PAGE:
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Collaborative approaches to accessing and utilising historical citizen science data: A case-study with spearfishers from eastern Australia

Citation

Gledhill, DC and Hobday, AJ and Welch, DJ and Sutton, SG and Lansdell, MJ and Koopman, M and Jeloudev, A and Smith, A and Last, PR, Collaborative approaches to accessing and utilising historical citizen science data: A case-study with spearfishers from eastern Australia, Marine and Freshwater Research, 66, (3) pp. 195-201. ISSN 1323-1650 (2015) [Refereed Article]

Copyright Statement

Journal compilation copyright CSIRO 2015

DOI: doi:10.1071/MF14071

Abstract

Scientists are increasingly utilising non-traditional data to assist with defining biological baselines and for monitoring environmental change. These data present challenges not encountered with traditional, fit-for-purpose scientific data, including engaging with data owners, building trust and maintaining relationships, analysing and interpreting data collected under varying methodologies, and the possibility that data may not suit an intended purpose. Here we describe engagement activities undertaken with recreational spearfishers to collate and examine spearfishing club data collected from competitions held throughout south-eastern Australia from the 1960s until the present, representing one of the most extensive citizen science datasets for marine species in the region. The data proved suitable for demonstrating change in coastal fish communities, some of which were consistent with expectations given a warming climate over the period considered. With an attitudinal survey of divers we also asked about their experience of environmental change, and interaction with management over recent decades. Mutually beneficial outcomes include: collating and archiving significant data that may otherwise have been lost; improved understanding of spearfisher concerns and experiences; improved engagement between collaborators; and recognition of spearfishers' desire for better engagement in science and management. Lessons learnt may be broadly applicable to improving collaboration between recreational fishers, citizen science groups, researchers and managers.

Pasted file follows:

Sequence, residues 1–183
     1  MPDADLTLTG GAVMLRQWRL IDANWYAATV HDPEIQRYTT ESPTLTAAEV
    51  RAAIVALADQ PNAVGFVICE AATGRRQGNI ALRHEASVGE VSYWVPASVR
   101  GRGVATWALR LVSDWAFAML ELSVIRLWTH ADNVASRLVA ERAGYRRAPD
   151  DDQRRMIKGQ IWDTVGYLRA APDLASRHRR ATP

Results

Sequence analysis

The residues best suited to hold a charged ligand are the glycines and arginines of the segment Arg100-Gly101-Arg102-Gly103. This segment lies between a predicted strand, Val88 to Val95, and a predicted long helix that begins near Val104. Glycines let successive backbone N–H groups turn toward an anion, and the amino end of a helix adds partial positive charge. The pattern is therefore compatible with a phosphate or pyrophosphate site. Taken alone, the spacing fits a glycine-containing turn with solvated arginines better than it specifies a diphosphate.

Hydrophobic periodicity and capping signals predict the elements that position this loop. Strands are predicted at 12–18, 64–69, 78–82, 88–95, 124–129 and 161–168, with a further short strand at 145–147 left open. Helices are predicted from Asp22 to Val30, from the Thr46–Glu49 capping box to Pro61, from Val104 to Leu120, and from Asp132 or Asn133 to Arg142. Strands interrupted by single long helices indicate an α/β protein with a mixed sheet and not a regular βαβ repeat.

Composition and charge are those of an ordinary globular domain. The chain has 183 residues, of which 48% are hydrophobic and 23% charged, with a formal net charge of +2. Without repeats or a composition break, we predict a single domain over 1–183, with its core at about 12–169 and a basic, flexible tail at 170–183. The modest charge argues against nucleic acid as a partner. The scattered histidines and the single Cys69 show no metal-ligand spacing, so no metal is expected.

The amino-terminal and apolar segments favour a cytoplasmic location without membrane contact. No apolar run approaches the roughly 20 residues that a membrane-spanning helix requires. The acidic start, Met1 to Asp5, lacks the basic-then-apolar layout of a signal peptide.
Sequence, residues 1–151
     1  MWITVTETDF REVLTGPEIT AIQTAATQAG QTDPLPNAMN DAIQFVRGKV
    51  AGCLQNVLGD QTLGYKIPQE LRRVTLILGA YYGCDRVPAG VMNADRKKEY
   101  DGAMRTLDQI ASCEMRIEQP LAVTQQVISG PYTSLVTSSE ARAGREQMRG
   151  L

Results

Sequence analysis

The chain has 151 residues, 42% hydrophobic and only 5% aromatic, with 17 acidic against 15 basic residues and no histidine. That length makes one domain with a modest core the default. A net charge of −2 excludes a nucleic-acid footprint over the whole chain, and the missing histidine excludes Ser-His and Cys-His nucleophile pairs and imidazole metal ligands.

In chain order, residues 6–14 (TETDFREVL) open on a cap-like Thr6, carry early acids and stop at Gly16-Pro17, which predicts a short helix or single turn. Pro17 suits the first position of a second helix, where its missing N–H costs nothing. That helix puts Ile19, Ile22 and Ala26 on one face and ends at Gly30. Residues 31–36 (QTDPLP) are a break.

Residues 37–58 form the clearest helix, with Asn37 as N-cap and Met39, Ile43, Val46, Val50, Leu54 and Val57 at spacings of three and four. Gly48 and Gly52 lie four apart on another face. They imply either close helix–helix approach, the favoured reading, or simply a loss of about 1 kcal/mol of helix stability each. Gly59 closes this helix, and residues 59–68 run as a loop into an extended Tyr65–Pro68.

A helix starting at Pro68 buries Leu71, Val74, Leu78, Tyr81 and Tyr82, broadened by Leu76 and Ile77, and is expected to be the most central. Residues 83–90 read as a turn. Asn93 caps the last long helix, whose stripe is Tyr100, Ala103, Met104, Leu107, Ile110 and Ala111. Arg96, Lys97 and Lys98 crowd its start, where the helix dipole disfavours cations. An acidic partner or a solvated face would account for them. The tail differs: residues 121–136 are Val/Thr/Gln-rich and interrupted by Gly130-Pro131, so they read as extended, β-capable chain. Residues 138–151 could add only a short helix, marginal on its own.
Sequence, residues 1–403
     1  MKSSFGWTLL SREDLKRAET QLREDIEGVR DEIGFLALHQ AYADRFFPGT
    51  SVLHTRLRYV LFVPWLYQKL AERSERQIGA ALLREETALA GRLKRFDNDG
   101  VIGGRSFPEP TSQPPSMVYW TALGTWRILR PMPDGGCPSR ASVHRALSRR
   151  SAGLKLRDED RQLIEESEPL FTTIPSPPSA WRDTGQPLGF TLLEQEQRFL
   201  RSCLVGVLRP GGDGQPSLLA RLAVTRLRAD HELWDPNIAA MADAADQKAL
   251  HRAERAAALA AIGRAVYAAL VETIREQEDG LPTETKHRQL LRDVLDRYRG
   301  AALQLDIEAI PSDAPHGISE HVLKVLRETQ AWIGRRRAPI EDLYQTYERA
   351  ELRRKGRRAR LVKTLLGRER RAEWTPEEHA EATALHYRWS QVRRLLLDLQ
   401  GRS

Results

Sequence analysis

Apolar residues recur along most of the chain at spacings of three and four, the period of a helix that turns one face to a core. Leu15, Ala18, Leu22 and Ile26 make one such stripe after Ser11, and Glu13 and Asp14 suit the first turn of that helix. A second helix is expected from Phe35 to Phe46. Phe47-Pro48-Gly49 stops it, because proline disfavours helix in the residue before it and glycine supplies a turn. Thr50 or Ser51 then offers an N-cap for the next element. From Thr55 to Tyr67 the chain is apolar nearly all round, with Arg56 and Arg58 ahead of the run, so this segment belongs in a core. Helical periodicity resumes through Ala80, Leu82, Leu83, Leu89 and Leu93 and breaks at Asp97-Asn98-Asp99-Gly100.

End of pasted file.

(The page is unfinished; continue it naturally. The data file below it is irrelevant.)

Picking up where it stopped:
Item Details

Item Type:Refereed Article
Keywords:attitudinal change, citizen science, engagement model, fishes, historic data, recreational fishing, spearfishing
Research Division:Agricultural and Veterinary Sciences
Research Group:Fisheries Sciences
Research Field:Fisheries Management
Objective Division:Animal Production and Animal Primary Products
Objective Group:Fisheries - Wild Caught
Objective Field:Fisheries - Recreational
Author:Hobday, AJ (Dr Alistair Hobday)
ID Code:118904
Year Published:2015
Web of Science® Times Cited:7
Deposited By:Zoology
Deposited On:2017-07-21
Last Modified:2017-08-09
Downloads:0

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